Education, From The Capitol To The Classroom

Will Holding Back Indiana Third Graders Improve Their Future Reading Scores?

    Kyle Stokes / StateImpact Indiana

    A student listens in as teacher Amy Swafford reads aloud to her third grade class at Bloomington's Clear Creek Elementary School.

    The clock is ticking — and the pressure is mounting — for every Indiana third grader.

    In less than three weeks, 8- and 9-year-olds will all take a standardized test of their reading abilities. Those who do not pass the exam, the IREAD-3, also don’t pass third grade.

    Gov. Mitch Daniels has said the policy ends “the cruel, defeatist practice of passing children who cannot read into fourth grade.” But while many believe third grade is as appropriate time a time as any for a drastic intervention, some are still wondering whether holding them back is the right way to help them.

    Emily Richmond writes in The Atlantic:

    While [holding students back] might seem like a short-term solution, it could do long-term harm to a child’s social and educational development…

    Florida implemented a third-grade retention initiative in 2002, and saw its fourth-grade reading scores soar. But reading scores for the state’s eighth grader have flatlined.

    Our colleagues at StateImpact Florida confirm this, by the way, writing “fourth grade reading scores in Florida went from ranking second from the bottom nationally in 1999 to among the top ten today. But eight grade reading scores are still low.”

    Richmond’s Atlantic article continues:

    When asked where he stood on his state’s initiative to hold back third graders, educational psychologist David Berliner — the Regents Professor of Education at Arizona State University — was blunt in his assessment.

    “It seems like legislators are absolutely ignorant of the research, and the research is amazingly consistent that holding kids back is detrimental,” Berliner said. “Everybody supports the idea that if a student isn’t reading well in third grade that it’s a signal that the child needs help. If you hold them back, you’re going to spend roughly another $10,000 per child for an extra year of schooling. If you spread out that $10,000 over the fourth and fifth grades for extra tutoring, in the long run you’re going to get a better outcome.”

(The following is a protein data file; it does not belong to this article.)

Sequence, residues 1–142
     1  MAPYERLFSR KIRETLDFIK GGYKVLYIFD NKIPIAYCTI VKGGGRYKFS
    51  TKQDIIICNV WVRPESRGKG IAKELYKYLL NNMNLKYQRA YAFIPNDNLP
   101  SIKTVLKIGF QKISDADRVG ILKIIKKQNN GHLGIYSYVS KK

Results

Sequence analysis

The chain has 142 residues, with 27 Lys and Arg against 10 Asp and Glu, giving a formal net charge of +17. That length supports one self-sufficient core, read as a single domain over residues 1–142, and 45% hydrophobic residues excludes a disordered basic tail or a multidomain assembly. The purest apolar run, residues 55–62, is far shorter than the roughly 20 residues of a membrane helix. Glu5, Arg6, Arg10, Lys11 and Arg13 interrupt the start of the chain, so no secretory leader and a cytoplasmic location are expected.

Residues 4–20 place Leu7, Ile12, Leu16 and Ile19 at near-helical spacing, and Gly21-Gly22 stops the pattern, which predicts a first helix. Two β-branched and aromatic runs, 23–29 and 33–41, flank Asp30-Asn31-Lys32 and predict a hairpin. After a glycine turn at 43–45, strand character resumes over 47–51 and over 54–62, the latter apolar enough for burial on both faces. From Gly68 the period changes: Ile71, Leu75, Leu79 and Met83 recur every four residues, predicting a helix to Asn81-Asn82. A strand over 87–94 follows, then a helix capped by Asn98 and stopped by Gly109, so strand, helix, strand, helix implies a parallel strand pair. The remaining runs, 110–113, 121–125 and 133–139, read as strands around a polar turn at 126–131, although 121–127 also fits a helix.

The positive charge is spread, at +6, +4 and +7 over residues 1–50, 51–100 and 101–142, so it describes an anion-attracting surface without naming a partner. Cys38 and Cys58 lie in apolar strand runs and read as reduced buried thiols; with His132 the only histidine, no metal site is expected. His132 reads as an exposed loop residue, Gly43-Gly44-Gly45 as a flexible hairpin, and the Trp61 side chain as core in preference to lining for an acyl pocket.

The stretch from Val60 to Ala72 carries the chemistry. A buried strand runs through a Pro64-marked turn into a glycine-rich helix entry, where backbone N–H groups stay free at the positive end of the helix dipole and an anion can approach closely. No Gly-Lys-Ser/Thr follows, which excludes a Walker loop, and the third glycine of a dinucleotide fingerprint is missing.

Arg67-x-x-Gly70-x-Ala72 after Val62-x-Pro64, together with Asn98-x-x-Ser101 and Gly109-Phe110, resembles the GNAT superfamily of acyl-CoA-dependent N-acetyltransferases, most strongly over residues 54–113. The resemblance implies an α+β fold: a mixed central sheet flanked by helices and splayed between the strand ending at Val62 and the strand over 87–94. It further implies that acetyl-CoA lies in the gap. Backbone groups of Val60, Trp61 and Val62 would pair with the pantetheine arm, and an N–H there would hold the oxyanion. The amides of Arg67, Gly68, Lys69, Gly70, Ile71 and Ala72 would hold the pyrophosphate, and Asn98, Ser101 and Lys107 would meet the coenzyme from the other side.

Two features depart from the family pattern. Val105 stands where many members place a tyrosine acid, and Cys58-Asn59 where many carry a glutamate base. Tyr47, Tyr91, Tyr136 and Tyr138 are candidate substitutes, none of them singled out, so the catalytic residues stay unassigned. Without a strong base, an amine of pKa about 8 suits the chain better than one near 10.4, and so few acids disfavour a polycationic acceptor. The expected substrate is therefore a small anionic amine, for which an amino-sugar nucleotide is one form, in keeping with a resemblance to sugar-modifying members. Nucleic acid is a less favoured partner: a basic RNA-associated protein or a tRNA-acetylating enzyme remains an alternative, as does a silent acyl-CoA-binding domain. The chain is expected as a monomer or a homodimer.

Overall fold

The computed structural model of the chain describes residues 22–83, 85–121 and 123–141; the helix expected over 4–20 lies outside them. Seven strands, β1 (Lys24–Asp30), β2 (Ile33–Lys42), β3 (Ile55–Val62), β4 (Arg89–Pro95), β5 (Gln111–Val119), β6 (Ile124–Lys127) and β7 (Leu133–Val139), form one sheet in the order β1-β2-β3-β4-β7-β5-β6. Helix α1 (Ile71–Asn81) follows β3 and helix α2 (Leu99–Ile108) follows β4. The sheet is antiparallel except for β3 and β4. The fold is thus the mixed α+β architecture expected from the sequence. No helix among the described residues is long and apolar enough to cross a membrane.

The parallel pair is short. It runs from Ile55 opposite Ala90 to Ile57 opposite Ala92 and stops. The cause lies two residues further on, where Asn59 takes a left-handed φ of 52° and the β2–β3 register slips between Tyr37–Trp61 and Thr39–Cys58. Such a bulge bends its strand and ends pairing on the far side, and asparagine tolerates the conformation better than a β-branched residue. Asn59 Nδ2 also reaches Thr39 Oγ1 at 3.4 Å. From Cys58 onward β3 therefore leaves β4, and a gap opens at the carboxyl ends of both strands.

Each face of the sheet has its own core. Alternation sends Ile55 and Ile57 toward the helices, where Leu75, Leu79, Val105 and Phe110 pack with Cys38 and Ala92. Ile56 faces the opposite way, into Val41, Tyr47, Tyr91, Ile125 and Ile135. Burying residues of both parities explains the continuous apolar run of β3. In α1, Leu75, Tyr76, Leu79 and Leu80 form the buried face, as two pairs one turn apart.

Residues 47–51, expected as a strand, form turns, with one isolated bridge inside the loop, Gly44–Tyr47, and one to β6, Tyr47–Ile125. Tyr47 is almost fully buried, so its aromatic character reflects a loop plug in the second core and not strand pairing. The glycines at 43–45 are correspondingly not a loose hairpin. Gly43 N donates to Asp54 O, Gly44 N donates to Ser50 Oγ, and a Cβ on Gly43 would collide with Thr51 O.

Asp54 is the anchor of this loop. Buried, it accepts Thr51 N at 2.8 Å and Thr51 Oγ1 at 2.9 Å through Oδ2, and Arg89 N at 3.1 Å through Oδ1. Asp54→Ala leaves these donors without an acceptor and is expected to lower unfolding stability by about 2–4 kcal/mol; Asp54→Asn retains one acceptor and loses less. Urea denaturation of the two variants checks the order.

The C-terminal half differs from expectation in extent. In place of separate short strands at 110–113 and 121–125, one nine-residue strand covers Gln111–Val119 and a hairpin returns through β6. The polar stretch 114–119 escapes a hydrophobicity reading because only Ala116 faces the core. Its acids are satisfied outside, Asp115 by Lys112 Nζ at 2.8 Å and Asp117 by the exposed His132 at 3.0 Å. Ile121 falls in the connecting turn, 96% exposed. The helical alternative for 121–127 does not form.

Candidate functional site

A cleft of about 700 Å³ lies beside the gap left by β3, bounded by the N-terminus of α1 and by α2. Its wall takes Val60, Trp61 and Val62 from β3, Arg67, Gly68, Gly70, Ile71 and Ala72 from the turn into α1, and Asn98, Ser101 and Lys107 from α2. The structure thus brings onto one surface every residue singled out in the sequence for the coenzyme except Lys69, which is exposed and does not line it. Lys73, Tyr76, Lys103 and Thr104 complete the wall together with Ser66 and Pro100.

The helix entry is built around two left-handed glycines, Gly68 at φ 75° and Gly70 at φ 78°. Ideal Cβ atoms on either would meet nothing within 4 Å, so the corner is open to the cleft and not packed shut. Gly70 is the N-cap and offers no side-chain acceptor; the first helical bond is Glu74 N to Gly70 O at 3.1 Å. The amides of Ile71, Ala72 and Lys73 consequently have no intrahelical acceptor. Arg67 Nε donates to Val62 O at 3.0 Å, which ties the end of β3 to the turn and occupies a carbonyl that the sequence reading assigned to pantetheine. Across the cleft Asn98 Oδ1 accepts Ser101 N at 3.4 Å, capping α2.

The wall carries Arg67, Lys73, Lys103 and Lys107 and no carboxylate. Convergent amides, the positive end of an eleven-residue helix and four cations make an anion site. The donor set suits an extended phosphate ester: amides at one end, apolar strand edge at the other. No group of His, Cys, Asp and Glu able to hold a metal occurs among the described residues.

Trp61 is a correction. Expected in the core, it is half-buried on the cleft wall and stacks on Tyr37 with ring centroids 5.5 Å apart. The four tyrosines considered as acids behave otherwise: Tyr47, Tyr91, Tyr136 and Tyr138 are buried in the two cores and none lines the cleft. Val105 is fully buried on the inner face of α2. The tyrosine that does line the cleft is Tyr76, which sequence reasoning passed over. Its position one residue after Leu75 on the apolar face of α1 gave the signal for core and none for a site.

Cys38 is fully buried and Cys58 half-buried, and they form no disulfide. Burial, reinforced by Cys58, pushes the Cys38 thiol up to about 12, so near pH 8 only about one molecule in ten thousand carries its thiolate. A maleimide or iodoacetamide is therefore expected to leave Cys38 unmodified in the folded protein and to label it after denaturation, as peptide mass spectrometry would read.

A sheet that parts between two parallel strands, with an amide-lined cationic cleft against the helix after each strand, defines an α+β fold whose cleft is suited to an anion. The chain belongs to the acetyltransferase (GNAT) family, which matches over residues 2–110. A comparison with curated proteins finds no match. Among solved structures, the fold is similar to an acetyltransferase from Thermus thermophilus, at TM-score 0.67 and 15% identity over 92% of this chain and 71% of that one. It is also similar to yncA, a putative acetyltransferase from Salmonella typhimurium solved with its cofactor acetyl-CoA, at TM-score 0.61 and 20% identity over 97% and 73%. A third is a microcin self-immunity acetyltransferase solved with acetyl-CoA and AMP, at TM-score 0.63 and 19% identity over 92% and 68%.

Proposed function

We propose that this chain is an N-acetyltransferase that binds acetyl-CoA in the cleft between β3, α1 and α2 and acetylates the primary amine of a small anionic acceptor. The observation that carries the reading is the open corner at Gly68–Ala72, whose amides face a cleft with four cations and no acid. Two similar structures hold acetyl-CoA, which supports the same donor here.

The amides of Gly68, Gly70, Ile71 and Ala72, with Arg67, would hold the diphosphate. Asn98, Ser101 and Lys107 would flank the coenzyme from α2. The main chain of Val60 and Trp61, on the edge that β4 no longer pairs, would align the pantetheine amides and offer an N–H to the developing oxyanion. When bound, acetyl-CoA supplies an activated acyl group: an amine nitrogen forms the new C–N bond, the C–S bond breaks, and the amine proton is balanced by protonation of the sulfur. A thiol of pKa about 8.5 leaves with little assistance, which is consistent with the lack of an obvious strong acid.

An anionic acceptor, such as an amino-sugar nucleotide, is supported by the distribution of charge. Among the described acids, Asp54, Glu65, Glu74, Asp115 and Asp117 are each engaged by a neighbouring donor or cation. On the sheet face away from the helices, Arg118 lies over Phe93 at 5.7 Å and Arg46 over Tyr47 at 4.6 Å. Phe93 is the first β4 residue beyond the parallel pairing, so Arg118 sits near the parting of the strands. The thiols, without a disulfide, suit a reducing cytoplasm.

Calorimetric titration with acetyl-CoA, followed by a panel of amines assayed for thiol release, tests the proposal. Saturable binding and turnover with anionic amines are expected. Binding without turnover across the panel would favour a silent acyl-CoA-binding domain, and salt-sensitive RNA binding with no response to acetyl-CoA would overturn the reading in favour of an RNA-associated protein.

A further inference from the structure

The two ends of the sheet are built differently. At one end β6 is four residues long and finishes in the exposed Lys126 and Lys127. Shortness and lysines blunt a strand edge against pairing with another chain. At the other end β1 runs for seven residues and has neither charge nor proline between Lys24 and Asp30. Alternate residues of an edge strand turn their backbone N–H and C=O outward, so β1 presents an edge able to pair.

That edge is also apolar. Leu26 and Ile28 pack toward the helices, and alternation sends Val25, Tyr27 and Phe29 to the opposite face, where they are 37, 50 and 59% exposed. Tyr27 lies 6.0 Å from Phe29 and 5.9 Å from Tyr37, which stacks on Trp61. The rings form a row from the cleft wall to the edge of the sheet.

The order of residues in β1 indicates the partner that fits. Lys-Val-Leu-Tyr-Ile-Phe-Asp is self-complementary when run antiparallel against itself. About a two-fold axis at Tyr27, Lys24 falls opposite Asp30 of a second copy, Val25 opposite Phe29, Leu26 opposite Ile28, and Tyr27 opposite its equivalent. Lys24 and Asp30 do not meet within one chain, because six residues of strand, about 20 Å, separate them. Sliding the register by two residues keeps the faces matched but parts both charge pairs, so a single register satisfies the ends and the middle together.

But at Jay P. Greene’s blog, Matthew Laudner disagrees with Berliner’s assessment.

    Laudner acknowledges some states have had failed attempts at holding back students, known as “retention.” But these states didn’t have the right research to help them craft good policies, like in Florida.

    “The question is not whether retention is ‘good’ or ‘bad’ — that all depends on how it is used,” Laudner blogs. “The evidence on the overall literacy effort in Florida — which includes retention as a centerpiece — is overwhelmingly positive.”

    Indiana Department of Education officials point out students who don’t pass the IREAD-3 can move on to fourth grade, but must take third grade tests. From the Associated Press:

    Indiana Department of Education spokeswoman Stephanie Sample acknowledged that although the law only requires that the student be retained in third-grade reading, moving that student forward in other subjects will prove difficult.

    “What the law specifically says is that kids who don’t pass have to take the ISTEP again and can’t move on to fourth-grade reading instruction,” she said. “Functionally, that means for most classrooms the student will be (held back). But it is still a local determination.”

    State education officials say research indicates that students from kindergarten to grade three are primarily “learning to read,” but in fourth grade, they “read to learn.” They say that students who do not read proficiently by fourth grade will struggle to keep up.

    Sample said the state is not expecting to see a large number of students held back due to the reading test.

    As we’ve reported, Indiana educators are trying to use data on students’ reading performance to help them prepare for the exams. They’re using different diagnostic tools — some call them “temperature checks” — to identify which students need extra coaching ahead of the exams.

    GOOD‘s education blog points out, unlike in Florida, Indiana schools are not getting increased state funds to help pay for new teaching tools or teacher training to boost reading scores.

    What do you think of Indiana’s third-grade reading exam? Tell us in the comments section.


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